During the dunk contest, the October’s Very Own leader was basically on the court the entire time. LaVine ran over to give Aubrey a big hug before his first attempt. Before his final, winning dunk, Drake took the Minnesota Timberwolves guard aside and was whispering ideas to him.

LaVine’s winning dunk was serenaded with Drake’s track “back-to-back,” signifying that he defended his crown.

Three point politeness

The three-point competition is cool because like golf, the communal environment is rooting for everyone to hit all of their shots.

The fans, players court side, even ushers and league execs were getting into it, shifting back and forth trying to will the ball in the basket from a distance.

When Kris Middleton was knocked out early with a score of 12, he received extended applause as a show of support.

Canadian Celebs

On the broadcast, all of the international celebrities were shown. However, some local Canadian celebrities also got courtside seats.


Somehow, the Junkyard Dog has been courtside at NBA All-Star Saturday night for what seems like 20 years. Former Raptors Tracy Murray and Charles Oakley were seated on the baseline as was ESPN host Mark Jones, and former CFL commissioner Mark Cohon, who’s daughter was one of the ball girls.

Raptors super fan Nav Bhatia had his seats underneath the basket but on this night they were on the opposite end of the floor, not on the side in close proximity to the Raptors bench

Welcome back

I was of the belief that the three-point competition had surpassed the dunk off and they should amend which event was the closing act. I’m no longer second-guessing the order. Vince Carter still has the best single dunk competition performance but the ridiculousness we saw Saturday made this the best one yet. We often hear “the dunk contest is back” and it is largely hyperbole. This year it is fact.

Disputed decision

Aaron Gordon got robbed. LaVine was great and would win any other year that didn’t include Vince Carter. However, Gordon had the two best dunks of the night. LaVine may have been more consistent but the highs Gordon reached were greater that the bounce brother from Minnesota. Which brings me to my next point…

Greater than 50

They competition needs to be judged out of a greater number. Five sets of 10s equaling 50 is not enough. There is so much complexity to these dunks we need to grade them on a bigger curve. These two players were mixing two, three, sometimes four elements of dunks that we saw in the 1980s that also got 50s. LaVine tied Gordon with 50 many times when his dunks deserved a 50 because they were great but Gordon’s deserve extra credit.


I’m not sure we fully appreciated what either dunker did tonight. Gordon’s dunks are like wine, they get better with time. In the arena the ‘ooh’s and ah’s’ got louder as the replays rolled of his dunks. It was tough to appreciate the nuances of him cupping the ball or bringing it above his head before bringing it through the lens unless you saw it in slow motion from multiple angles. LaVine on the other hands makes everything look so easy it hurts him because they come off as unimpressive and lacking a degree of difficulty. Carter was much the same way but Carter finished with such power you couldn’t help but to be startled when he finished a dunk.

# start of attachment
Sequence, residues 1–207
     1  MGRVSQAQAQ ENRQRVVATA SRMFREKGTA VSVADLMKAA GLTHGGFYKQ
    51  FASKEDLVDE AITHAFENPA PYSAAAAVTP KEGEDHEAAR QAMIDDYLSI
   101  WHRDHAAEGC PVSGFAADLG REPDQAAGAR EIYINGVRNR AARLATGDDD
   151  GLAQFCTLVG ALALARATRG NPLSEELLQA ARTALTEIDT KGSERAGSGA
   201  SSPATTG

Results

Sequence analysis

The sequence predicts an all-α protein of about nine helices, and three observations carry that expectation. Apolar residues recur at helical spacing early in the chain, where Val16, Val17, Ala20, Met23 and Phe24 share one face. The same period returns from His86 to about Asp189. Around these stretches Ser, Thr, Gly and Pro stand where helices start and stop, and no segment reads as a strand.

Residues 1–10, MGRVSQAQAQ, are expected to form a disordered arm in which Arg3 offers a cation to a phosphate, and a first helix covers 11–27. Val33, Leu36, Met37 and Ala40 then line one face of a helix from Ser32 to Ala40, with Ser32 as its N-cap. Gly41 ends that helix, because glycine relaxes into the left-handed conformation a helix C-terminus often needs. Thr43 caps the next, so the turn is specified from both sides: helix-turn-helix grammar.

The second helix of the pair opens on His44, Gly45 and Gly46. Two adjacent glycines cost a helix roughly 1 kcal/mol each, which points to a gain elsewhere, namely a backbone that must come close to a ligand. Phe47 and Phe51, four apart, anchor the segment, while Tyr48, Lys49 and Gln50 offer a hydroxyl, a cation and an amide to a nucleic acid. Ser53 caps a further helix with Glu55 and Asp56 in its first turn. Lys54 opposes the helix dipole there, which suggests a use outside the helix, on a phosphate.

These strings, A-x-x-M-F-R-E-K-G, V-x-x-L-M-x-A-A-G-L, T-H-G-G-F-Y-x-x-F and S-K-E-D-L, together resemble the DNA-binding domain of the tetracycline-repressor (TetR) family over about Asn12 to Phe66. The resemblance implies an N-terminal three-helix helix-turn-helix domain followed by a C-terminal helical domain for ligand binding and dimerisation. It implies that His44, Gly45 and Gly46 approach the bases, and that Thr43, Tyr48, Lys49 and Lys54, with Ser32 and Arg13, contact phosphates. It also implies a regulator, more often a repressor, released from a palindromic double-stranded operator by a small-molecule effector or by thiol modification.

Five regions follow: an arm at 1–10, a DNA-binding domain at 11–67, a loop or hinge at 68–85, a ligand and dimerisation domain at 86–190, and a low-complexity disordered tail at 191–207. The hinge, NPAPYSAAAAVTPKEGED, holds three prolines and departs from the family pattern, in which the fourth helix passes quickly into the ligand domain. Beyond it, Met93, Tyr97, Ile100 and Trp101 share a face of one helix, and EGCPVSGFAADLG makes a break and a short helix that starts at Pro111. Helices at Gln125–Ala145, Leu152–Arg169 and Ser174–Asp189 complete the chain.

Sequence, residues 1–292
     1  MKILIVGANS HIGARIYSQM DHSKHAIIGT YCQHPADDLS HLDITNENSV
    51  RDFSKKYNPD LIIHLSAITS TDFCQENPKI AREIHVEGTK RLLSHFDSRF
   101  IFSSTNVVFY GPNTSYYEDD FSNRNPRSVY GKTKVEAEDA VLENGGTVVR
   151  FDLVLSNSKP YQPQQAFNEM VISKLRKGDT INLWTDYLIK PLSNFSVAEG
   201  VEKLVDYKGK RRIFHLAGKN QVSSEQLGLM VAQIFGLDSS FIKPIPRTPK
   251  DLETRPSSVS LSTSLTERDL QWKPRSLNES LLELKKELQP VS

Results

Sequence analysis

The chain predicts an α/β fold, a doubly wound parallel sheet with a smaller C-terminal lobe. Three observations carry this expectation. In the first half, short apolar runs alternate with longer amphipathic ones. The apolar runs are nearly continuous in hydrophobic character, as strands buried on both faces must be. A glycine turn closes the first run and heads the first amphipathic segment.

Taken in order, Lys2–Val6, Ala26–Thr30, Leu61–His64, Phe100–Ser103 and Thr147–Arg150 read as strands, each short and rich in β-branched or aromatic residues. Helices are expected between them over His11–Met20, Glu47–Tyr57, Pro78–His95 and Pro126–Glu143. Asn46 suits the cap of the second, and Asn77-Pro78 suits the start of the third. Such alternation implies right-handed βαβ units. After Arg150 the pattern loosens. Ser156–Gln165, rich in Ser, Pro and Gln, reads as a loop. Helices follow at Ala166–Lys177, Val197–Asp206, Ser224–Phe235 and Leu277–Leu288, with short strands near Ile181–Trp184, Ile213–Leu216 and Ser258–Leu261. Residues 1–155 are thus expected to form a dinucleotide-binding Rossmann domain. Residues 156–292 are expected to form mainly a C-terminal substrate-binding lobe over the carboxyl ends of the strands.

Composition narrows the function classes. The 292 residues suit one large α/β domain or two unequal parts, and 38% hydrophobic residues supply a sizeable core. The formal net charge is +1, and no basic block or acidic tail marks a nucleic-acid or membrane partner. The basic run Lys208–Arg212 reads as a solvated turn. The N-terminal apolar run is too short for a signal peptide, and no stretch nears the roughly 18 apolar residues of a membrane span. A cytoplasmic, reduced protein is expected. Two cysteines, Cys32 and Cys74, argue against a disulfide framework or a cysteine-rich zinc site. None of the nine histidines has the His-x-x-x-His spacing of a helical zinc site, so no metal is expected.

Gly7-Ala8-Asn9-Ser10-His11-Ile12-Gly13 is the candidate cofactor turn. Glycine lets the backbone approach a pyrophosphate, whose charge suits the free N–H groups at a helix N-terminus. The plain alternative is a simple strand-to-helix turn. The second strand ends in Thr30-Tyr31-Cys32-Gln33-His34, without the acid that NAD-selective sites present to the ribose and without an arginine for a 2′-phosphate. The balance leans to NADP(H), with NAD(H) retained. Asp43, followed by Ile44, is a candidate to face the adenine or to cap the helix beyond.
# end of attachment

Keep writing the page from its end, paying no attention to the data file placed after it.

Shaq was right to give nine scores for great dunks by LaVine and Gordon that weren’t completed on the first try. Perfect means they couldn’t have been any better. Obviously if your routine wasn’t clean there is room for improvement. That factor built the atmosphere and tension in the building. The “Shaq rule” put pressure on the dunkers to make their dunk first try or else they were leaving their fate in their competitor’s hands.


People were already talking about a rematch next year. What started as an NBA crowd turned into a heavyweight-fight atmosphere. I’d shell out for Thompson vs. Curry and Gordon vs. LaVine on a pay-per-view card.

Unexpected assist

Who would have thought that Orlando Magic mascot “Stuff the Magic Dragon” would have more assists than Steve Nash. Not sure who was in that mascot costume but he was an integral part in Slam Dunk.

No props

There was no phone booth, no Kia car, no cupcake. Other than elaborate introductions, the players stuck to dunking. In overtime they were forced to freestyle and make dunks up on the fly. It was a refreshing and fun turn of events. In the stands fans were analyzing dunks amongst each other and cheering for constant ties to keep their party going.